Iconic Protest Posters

Here Are Some Of The Most Powerful Protest Posters In History

From the Vietnam War to the recent Women’s March, nothing gets the message across better than a good protest poster.

today’s protest signs are noted for their creativity and humour, often poking fun at political leaders and utilising the language of the internet and meme culture to help share the message via social media.

While today’s protest posters have indeed evolved with new media, they are by no means the first to visualise the frustrations of the masses. To illustrate how past generations have expressed their ideas through posters, Angelina Lippert, chief curator of the Poster House museum in New York City, which is expected to open to the public in 2019, has shared with BuzzFeed News some of the most iconic protest posters from history and her words on the cultural significance of these designs.

“An Attack Against One,” circa 1970

Created by a member of the Black Panther Party around 1970, at the peak of the Panthers’ popularity, this is one of the more lasting images from the period, in part because its unfortunate cultural relevance persists to this day.

“Eat,” 1967

Acclaimed artist and writer Tomi Ungerer created numerous posters protesting the war in Vietnam, each one more brutal and jarring than the next. Here, the white arm of America is shown shoving the Statue of Liberty down the throat of a Vietnamese citizen.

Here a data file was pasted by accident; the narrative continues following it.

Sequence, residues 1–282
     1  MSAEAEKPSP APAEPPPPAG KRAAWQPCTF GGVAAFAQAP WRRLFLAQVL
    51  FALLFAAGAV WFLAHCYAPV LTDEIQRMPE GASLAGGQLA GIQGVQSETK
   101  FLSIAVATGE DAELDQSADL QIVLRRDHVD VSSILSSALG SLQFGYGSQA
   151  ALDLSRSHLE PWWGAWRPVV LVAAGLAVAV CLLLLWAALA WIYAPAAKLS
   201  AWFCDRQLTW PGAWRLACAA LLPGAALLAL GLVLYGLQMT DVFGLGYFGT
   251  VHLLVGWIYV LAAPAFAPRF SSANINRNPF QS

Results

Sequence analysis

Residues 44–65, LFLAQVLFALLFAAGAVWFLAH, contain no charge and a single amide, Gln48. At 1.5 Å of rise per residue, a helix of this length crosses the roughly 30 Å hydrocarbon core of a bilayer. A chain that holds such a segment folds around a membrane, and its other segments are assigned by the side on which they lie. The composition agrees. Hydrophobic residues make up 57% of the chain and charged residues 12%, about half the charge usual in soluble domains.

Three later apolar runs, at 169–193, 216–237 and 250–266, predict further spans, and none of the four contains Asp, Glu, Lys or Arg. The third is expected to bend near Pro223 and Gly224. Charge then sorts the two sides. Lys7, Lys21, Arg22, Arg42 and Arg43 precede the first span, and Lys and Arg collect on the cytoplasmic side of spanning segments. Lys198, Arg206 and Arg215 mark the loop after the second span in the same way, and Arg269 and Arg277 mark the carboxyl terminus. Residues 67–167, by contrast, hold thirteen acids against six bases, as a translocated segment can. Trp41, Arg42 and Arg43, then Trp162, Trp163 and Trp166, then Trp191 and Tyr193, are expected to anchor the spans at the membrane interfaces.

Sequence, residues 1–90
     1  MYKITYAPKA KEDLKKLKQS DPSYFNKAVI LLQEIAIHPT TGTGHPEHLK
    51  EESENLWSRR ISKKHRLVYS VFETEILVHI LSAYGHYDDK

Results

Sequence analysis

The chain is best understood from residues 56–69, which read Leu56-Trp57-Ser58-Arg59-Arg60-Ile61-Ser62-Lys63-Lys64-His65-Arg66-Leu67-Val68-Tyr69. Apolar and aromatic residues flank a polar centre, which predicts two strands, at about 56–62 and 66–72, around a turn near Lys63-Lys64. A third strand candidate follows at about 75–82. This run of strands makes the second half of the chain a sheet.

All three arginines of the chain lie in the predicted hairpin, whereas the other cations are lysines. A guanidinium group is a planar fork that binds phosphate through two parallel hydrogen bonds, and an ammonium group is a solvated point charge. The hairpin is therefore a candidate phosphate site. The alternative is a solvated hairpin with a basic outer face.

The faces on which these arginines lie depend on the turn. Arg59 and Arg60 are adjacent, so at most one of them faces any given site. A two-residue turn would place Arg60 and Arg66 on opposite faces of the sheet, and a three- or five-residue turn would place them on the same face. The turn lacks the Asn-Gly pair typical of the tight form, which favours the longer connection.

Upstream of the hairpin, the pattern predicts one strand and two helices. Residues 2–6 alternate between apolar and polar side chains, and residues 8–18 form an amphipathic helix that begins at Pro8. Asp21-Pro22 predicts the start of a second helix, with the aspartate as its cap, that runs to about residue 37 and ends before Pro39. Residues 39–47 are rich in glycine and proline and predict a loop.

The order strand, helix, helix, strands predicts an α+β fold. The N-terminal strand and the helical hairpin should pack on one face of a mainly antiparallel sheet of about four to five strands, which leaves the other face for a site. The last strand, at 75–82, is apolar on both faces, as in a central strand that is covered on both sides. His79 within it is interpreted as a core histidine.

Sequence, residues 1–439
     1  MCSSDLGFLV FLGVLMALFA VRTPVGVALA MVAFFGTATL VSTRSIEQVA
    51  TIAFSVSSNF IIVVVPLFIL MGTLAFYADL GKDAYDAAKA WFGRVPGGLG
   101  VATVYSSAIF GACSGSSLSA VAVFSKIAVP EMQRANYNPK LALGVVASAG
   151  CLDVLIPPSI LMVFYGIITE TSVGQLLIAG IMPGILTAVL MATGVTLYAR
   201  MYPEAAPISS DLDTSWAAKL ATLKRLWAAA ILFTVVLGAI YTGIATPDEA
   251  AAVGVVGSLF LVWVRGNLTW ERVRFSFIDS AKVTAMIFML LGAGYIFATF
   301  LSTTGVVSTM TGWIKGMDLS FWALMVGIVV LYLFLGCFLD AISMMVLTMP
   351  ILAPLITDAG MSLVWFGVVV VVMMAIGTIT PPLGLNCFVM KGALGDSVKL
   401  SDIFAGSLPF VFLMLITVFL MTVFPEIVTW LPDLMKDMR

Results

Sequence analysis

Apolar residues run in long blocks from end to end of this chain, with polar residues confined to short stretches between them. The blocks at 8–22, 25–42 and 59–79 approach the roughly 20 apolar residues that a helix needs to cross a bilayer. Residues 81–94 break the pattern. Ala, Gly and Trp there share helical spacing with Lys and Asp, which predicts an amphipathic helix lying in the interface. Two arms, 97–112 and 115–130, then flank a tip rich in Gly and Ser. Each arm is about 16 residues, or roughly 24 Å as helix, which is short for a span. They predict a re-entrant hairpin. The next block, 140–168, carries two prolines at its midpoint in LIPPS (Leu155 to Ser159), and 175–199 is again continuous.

“We Will Not Be Silenced,” 2017

Last November, boutique branding agency ThoughtMatter decided to use their graphic design skills to produce posters that protesters could download and print for use at the many Women’s Marches that took place in January.

They donated 15,000 posters to organizations around the country and went on to create another series of posters, advocating for gun control, for the March for Our Lives, which was featured in Poster House’s #HotPosterGossip window display earlier this year.

“War Waste Energy,” 1981

In the 1970s and ’80s, Japanese artist Masuteru Aoba created a series of protest posters focusing on nonviolence and environmentalism, including this one, in 1981. His chief goal was to create a more empathetic society. The work was so well received that he was asked to create the official poster for the 1998 Winter Olympic Games in Nagano.

“Come Together in Peace,” 1968

In 1968, students gathered at the Rhode Island School of Design to create posters in protest of the Vietnam War. Hastily silkscreened in black and red, they were largely inspired by the May ’68 posters done in Paris earlier that year.

“Silence = Death,” 1987

This poster, created in 1987 by a group of six gay men in New York City to draw attention to the AIDS crisis, harkened back to the pink triangle’s use in Nazi concentration camps to identify homosexual prisoners — a symbol that was reclaimed by the LGBT community beginning in the 1970s as a symbol of pride.

The poster was adopted by the AIDS Coalition to Unleash Power, or ACT UP, after its formation, when several of the original creators joined the group, and remains an iconic emblem of the movement.

“End Bad Breath,” 1968

One of graphic designer and illustrator Seymour Chwast’s most notable designs, he created this poster in 1968 in protest of the Vietnam War. Shown is Uncle Sam — the traditional symbol of American patriotism — with his mouth open to reveal planes bombing a small village.